In fact, research from Kansas State University reported that adding rosemary to ground beef stopped the formation of cancer-causing compounds that are present when the meat is grilled and fried (4).

3. Turmeric

Bowl of turmeric powder and turmeric root

In India, turmeric is used both topically and internally. It’s used to help skin wounds heal and is often used as a tea to help beat colds and upper respiratory tract infections.

Researchers attribute the benefits of turmeric to its active compound, curcumin (5).

Curcumin has antioxidant and anti-inflammatory properties and there is evidence to suggest that it can help:

  • Ease arthritic pain
  • Combat heart disease
  • Manage diabetes
  • Slow Alzheimer’s disease
  • Inhibit tumor cell growth

4. Chili peppers

Chili Pepper

Cooks add chili peppers to dishes to ramp up the heat – but even so, ironically enough, chili peppers actually do just the opposite for our bodies, by triggering our cooling systems (6).

Capsaicin, the active compound in chili peppers, boosts your metabolism, which means it can help speed weight loss by causing your body to burn more energy. As a result, it’s commonly found in many weight loss products – but the jury (and me) is out on the long-term impact of capsaicin on weight reduction.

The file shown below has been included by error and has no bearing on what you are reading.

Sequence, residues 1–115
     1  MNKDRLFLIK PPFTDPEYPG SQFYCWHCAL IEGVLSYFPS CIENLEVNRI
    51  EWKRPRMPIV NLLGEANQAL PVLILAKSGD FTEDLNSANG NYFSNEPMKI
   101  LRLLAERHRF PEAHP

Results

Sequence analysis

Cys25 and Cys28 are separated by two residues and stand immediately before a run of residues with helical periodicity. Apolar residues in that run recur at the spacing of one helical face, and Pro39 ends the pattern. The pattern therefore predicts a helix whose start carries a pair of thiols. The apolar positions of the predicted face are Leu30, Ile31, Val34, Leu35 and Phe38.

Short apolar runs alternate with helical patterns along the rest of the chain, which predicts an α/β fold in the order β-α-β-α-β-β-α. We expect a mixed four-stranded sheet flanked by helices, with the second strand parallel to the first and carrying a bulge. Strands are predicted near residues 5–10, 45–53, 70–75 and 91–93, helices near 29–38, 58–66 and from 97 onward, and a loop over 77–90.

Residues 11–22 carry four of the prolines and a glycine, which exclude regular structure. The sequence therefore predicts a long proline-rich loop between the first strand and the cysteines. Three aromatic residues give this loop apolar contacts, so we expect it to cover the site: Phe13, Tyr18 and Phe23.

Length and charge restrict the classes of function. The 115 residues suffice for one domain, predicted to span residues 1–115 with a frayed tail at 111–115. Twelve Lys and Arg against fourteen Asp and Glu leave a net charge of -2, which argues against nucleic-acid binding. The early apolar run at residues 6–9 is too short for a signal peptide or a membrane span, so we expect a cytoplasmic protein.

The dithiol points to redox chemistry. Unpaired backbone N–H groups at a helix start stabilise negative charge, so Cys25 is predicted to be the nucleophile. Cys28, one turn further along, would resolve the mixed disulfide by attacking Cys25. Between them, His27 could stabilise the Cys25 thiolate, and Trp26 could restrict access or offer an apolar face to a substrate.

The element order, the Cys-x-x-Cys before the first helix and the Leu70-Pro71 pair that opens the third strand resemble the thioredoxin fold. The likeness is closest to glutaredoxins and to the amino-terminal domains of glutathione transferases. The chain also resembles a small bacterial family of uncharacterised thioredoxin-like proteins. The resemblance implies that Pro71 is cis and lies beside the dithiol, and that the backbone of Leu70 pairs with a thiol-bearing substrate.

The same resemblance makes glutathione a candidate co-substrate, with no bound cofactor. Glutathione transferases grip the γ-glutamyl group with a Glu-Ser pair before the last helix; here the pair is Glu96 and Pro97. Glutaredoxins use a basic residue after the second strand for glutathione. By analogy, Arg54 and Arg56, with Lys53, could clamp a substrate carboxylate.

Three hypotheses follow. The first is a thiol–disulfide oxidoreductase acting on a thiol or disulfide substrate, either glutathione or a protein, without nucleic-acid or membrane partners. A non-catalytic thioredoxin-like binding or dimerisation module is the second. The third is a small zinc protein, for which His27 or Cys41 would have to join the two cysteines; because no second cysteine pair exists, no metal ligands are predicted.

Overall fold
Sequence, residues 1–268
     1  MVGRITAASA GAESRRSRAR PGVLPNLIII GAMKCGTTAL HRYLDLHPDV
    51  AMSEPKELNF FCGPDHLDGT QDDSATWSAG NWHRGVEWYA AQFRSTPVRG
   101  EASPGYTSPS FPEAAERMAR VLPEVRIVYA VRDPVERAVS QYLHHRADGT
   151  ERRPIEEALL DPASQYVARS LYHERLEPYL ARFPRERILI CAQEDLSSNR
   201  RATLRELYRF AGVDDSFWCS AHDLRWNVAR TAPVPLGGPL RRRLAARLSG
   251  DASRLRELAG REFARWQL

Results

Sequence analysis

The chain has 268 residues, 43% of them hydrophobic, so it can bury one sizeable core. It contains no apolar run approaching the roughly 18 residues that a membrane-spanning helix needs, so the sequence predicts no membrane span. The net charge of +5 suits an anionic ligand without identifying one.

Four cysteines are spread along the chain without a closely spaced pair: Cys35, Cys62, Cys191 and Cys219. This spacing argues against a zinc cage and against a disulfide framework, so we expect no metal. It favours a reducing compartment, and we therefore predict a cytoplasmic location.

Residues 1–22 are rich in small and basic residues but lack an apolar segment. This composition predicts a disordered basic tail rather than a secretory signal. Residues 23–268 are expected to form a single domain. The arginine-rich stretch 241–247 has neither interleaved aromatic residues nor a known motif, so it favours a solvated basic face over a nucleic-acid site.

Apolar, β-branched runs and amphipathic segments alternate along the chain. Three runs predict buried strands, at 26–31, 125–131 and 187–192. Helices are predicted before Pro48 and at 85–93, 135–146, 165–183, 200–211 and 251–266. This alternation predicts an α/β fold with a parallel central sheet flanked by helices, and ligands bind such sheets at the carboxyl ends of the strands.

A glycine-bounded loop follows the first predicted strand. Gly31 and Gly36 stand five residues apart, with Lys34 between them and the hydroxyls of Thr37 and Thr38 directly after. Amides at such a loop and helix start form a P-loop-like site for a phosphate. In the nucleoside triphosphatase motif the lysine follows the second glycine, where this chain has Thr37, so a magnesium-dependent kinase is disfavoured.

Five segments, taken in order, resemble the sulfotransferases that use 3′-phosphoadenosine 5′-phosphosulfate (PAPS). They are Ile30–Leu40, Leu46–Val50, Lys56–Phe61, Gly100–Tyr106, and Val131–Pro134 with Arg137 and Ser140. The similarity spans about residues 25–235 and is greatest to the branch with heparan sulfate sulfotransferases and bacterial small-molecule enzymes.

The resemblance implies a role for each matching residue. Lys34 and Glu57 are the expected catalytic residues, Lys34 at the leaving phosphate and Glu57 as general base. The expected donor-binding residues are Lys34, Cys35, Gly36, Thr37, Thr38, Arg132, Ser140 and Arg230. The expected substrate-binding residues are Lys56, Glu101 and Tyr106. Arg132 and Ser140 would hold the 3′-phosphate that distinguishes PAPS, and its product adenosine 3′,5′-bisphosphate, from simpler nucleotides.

Sweet paprika is a milder hybrid of chili peppers, containing a similar compound to capsaicin called capsinoids. Even these tamer chili peppers offer numerous health benefits, sharing similar properties to the hotter peppers.

Capsaicin may also reduce the risk of ulcers by increasing the stomach’s ability to resist infection. In addition, capsaicin has been shown to help lower “bad” LDL cholesterol.

5. Ginger

Ginger root

Traditionally ginger root has been used to relieve cold symptoms and stomach issues like nausea.

Researchers are investigating ginger’s place in the realm of healing herbs and spices, as it contains anti-inflammatory compounds like gingerols, and some experts believe that it may help to combat certain cancers and reduce arthritic pain (7).

One recent study showed that individuals who consumed ginger extract capsules for 12 days reported a 25 percent reduction in muscle pain when performing resistance exercises.

Another study found that ginger extract injections help alleviate pain in patients with osteoarthritis pain in the knee.

6. Cinnamon

Cinnamon Sticks and powder

Cinnamon is a powerful spice that comes from the bark of the Cinnamomum tree.

In ancient times it was regarded as rare and valuable, only fit for use by royalty. It’s now a common food that is relatively cheap, sold in supermarkets all over the world.